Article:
Tel Aviv gets 300 days of sunshine per year,  so if you want to see Tel Aviv, don’t tuk-tuk or bus it, just walk. Forget their main commercial arteries you can do that anywhere, head to their lesser-known quarters. There are several areas which need your attention; one is their beaches, set against a scenic promenade which hugs the city. Eventually, you will end up here, its where most people congregate, similar to Venice Beach. Although be mindful if you come here during winter/autumn, no lifeguard no swimming, we learnt that the hard way.

Try their UNESCO listed White City area, a Bauhaus mecca, 4,000 buildings designed in the 1930s. There is also the very soft on the eyes Neve Tzadek – basically, New York’s Brooklyn or London’s Shoreditch, it possesses all the boutiques, alleyways, cafes and bookstores that you need.
There is Old Jaffa; you will need an additional full 48 hours to do that. It’s the original Palestinian historic quarter absorbed into Tel Aviv with a considerable amount of exploring to do. The flea markets are where it is at.
Finally, if you can squeeze this in, the boulevards of Tel Aviv should arouse your interest,  Chen and Rothschild are all part of Tel Aviv’s ongoing redevelopment and cultural renaissance – take a break in the sunken garden of Habima Square, which sits between the two.



Several things make Tel Aviv so enticing and possibly dissuading; firstly, it is eye-wateringly expensive. I wasn’t prepared for it. Prices here almost make no sense, it’s not Singapore or London, yet it charges accordingly so, you have to get over that and quick. It could also just be that it is that good. Its food scene is tantalising; it has several world-class restaurants, one of them I tried was Mashya, a seductive mix of the middle east with the Mediterranean.  The chef’s a prodigy, at 22, he leads the menu and hasn’t even been to culinary school. Make sure you check this place out.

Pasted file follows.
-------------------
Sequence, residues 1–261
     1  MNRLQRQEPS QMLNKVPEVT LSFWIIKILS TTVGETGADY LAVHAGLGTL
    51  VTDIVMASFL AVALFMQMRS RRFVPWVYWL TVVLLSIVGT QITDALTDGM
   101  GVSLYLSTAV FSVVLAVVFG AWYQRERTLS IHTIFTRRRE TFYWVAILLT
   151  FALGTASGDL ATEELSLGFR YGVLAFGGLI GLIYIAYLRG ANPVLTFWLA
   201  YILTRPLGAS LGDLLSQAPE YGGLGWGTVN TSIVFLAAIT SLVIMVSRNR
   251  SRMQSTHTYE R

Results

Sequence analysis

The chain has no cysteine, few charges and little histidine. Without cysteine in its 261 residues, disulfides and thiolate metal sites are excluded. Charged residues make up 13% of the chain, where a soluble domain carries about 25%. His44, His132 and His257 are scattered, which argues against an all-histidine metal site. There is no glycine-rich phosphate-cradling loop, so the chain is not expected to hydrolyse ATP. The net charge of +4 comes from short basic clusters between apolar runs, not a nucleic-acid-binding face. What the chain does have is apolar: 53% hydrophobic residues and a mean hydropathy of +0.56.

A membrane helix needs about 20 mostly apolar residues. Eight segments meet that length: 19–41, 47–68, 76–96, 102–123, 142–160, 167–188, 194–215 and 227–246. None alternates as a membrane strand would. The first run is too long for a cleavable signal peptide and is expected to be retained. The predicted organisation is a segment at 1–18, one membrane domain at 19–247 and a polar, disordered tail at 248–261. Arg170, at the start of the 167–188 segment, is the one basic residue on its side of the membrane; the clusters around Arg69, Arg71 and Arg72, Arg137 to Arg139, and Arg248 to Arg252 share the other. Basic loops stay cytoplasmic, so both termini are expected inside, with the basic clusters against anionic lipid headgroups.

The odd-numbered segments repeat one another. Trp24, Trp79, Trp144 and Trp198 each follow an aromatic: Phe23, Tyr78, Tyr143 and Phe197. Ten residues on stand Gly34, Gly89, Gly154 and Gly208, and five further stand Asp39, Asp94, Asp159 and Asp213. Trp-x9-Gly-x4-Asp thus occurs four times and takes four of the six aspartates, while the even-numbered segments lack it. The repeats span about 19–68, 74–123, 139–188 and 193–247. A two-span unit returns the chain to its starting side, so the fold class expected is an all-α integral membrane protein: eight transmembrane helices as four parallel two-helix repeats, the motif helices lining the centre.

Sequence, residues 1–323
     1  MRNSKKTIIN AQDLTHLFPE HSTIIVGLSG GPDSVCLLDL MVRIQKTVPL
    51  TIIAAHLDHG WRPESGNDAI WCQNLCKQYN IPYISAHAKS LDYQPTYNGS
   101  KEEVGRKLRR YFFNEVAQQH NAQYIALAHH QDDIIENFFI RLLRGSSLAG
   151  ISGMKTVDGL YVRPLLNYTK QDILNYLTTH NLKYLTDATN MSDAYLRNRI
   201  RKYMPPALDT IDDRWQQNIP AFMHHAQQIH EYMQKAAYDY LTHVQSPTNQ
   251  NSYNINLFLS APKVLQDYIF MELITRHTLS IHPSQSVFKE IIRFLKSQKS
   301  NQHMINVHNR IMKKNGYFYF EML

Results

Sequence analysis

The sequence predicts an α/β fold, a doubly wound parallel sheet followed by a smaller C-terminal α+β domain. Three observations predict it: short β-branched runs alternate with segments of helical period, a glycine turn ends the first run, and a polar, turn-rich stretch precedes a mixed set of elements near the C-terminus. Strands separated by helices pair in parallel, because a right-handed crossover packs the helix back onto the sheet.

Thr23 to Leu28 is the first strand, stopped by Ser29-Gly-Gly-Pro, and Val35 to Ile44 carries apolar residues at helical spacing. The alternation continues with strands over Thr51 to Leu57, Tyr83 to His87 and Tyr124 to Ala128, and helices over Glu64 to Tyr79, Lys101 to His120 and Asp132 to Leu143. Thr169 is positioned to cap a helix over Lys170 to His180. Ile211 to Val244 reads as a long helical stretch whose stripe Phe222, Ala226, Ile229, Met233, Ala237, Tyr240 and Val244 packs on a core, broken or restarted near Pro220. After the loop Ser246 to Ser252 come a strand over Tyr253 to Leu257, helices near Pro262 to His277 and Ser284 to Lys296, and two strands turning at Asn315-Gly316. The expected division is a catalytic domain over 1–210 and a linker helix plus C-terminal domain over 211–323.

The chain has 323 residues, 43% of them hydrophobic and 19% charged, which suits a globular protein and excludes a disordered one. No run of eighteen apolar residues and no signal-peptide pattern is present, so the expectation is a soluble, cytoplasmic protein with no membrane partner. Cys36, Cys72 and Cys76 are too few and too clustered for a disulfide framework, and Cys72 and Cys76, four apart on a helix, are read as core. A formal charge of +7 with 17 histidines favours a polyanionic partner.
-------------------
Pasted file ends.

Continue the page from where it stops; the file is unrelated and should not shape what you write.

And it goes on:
My feeling is that you should always judge a city by its b-sides, that is to say, its average eatery on the corner and they’re all of similarly high quality. You can grab a tasty bite just about anywhere. It really is impressive—exceptional produce and inventive.



In terms of the people, you are warned about the famous Israeli hubris, (Watch You Don’t Mess With the Zohan to get what I mean), but to be fair, they feel more firm, than arrogant. In fact, I found people to be incredibly friendly. Almost surprisingly so, I had several experiences here where people went out of their way to make me feel welcome, it’s not phoney hospitality, ala American style. It’s a more curious firmness – like we’re here if you need us. They don’t want to overwhelm you just politely nudge you. The number of times I was offered free shots at bars are too many to count.